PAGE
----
Over the past 10 years, the role of the corporate treasurer has developed to become much more involved and complex. Working capital, liquidity and risk are key topics, and increasingly they are being analysed by executive level management in large corporates. The group treasurer’s role is also expanding, with a remit over a broader sphere of financial and commercial activities.
But at the same time, treasury teams have either stayed the same size or, in most cases, are smaller due to an increased pressure to cut costs. In a modern corporate treasury team, this has forced a crossover between different job functions and departments, and the role of the treasurer is to pull together and co-ordinate the team.
As a result, treasurers have had to become more effective at appropriating resources from other teams, such as accounts payable (A/P) and accounts receivable (A/R) departments. In doing this, they are able to demonstrate the efficiency gains that can be made for the corporate as a whole, and not only the treasury. This change enables treasurers to focus on driving solutions across many departments, which gives the role a greater strategic importance.
In addition to expanding responsibilities, the changing banking landscape presents a number of new challenges to corporate treasurers. Regulations, such as Basel III and Solvency II, and the introduction of tighter over-the-counter (OTC) derivative rules continue to have a profound impact on the treasurer’s role. On top of this, the changing accounting rules under International Financial Reporting Standards (IFRS) have meant that treasurers must look at how best they can manage multi-currency flows.
Identifying those changes that will impact most in the future has become an important skill for the corporate treasurer. In turn, their banking partners must demonstrate that they are engaged at the most senior level, across multiple functions with multiple regulators, as corporates are frequently looking to them to provide information and analysis, in order to give the corporate a clear picture of the current regulatory landscape.
As a result of the external pressure, it is instrumental that the corporate treasury’s needs are reviewed, so that the treasury team can develop a deep understanding, not only of what they say their banking needs are, but also how to carry out their internal processes. This understanding would help them make the necessary judgements as to what the appropriate next steps are.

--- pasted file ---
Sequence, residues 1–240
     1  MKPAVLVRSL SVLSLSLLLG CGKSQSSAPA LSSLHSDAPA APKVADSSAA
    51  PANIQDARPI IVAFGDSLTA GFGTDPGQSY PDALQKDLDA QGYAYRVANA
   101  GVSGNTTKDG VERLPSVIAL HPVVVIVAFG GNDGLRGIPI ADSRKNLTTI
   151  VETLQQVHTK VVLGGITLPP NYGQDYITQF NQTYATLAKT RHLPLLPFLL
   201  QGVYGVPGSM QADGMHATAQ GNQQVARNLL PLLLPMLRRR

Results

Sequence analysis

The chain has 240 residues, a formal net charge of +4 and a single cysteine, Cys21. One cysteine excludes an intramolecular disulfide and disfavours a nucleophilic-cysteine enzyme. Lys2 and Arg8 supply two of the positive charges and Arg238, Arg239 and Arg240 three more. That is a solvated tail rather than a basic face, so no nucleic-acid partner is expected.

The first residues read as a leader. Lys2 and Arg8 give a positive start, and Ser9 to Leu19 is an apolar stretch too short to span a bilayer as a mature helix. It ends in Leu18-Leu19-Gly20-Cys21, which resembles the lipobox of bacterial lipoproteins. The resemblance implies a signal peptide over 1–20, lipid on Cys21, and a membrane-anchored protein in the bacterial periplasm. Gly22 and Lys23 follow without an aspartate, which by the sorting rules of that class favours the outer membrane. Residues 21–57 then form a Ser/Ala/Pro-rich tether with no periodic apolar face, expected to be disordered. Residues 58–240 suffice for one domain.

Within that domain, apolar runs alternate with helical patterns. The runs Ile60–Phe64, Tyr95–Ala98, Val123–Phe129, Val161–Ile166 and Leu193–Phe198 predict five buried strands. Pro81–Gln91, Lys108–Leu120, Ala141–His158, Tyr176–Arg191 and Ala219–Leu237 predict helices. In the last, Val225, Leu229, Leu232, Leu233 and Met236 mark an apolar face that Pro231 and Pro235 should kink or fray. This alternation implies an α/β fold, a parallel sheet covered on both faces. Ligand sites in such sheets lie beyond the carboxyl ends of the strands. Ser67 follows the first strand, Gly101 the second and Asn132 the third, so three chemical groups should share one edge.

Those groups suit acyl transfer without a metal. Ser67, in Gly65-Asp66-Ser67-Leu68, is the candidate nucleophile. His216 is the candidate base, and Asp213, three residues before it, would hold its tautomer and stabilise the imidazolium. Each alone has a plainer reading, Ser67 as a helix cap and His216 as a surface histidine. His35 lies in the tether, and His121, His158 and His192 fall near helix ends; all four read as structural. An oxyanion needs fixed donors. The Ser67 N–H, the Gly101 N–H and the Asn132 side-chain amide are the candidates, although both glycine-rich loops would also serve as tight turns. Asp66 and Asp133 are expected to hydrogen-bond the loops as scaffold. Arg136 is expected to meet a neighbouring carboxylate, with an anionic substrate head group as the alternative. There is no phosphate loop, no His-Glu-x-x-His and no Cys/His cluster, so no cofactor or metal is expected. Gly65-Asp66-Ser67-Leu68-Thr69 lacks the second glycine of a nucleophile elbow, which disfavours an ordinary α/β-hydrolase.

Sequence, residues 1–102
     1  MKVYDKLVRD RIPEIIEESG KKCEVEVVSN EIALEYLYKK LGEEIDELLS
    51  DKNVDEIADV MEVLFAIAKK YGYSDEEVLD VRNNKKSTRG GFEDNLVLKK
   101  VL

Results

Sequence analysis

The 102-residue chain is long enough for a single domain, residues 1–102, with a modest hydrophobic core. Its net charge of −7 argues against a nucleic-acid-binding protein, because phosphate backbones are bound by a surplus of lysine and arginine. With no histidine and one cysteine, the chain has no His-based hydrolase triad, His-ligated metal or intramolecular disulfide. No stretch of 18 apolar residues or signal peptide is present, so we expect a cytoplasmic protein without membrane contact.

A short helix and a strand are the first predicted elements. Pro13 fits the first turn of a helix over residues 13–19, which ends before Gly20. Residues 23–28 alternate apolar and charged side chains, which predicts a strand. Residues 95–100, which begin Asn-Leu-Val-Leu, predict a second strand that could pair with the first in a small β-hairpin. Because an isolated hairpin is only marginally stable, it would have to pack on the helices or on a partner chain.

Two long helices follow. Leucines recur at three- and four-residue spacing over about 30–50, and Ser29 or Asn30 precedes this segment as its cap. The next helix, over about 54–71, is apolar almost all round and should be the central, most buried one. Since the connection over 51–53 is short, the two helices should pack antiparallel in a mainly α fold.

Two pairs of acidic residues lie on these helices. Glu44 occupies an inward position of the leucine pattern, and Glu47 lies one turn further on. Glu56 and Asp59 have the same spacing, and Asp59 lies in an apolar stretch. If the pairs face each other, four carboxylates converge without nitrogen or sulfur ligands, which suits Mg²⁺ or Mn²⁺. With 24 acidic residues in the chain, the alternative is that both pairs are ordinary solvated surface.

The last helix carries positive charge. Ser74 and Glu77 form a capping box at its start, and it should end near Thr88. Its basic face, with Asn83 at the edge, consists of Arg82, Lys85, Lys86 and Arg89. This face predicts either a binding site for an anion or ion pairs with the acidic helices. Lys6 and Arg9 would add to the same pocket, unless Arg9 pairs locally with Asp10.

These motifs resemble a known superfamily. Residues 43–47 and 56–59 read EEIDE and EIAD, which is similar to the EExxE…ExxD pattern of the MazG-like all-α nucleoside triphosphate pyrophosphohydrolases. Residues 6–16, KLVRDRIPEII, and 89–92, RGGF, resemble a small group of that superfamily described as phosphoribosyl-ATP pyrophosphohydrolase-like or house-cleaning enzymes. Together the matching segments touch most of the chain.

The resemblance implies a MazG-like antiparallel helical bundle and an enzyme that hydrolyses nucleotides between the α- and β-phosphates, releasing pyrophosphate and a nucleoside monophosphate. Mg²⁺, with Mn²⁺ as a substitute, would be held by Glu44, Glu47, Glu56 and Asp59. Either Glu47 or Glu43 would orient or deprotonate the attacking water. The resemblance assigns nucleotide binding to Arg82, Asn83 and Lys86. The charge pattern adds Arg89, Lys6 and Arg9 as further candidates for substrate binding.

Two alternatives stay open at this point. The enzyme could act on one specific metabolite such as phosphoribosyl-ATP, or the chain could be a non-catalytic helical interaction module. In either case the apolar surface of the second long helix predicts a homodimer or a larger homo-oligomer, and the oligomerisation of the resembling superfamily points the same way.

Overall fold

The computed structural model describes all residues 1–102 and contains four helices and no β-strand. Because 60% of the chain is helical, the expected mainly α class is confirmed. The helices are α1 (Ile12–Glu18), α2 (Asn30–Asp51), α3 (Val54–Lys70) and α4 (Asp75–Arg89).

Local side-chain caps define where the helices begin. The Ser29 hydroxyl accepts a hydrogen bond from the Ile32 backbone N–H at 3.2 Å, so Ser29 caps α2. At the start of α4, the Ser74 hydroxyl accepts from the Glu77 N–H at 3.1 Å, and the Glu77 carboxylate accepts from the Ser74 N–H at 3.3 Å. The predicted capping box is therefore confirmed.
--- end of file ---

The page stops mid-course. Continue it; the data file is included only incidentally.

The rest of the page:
Liquidity and Counterparty Risk
Liquidity and counterparty risk are key topics for corporates in today’s environment, with the liquidity crisis of 2008 greatly accelerating the evolution of the corporate treasurer’s role. In response to the crisis, there has been increased activity around the centralisation of liquidity, as treasurers responded by moving cash into more easily-accessible accounts.
Corporates are not only concerned with their own liquidity, but are also looking more closely into the liquidity of their entire value chain. This includes buyers as well as suppliers, who are also potentially vulnerable to market shocks. Previously corporate treasurers have needed to focus on many different types of risk, such as liquidity, interest rate, foreign exchange (FX) and counterparty – but largely from a credit perspective, i.e. would debtors repay the company? In recent years, however, counterparty risk has risen in importance and corporate treasurers have been forced to ask the question: what would happen if a key buyer or supplier goes out of business?
In addition to supply chain partner risk, today banks also make up a component of counterparty risk. Many banks weathered the financial storms caused by the crisis by taking on support from either governments or sovereign wealth funds. As a result, corporates have become more attuned to counterparty risk when dealing with banking partners.
A corporate must have a good understanding of its risk appetite in terms of how willing it is to concentrate its cash deposits with a single bank. Before the economic crisis, the trend was for large corporates to move towards centralising their banking operations to a single bank model. However, in recent years, the trend has reversed and corporates are looking to maintain multiple bank relationships to distribute risk. The continued interest by corporates to diversify funding sources, alongside the rebound in the debt market, means there is an increased interest in structured trade solutions that also provide liquidity to corporates as alternative funding sources.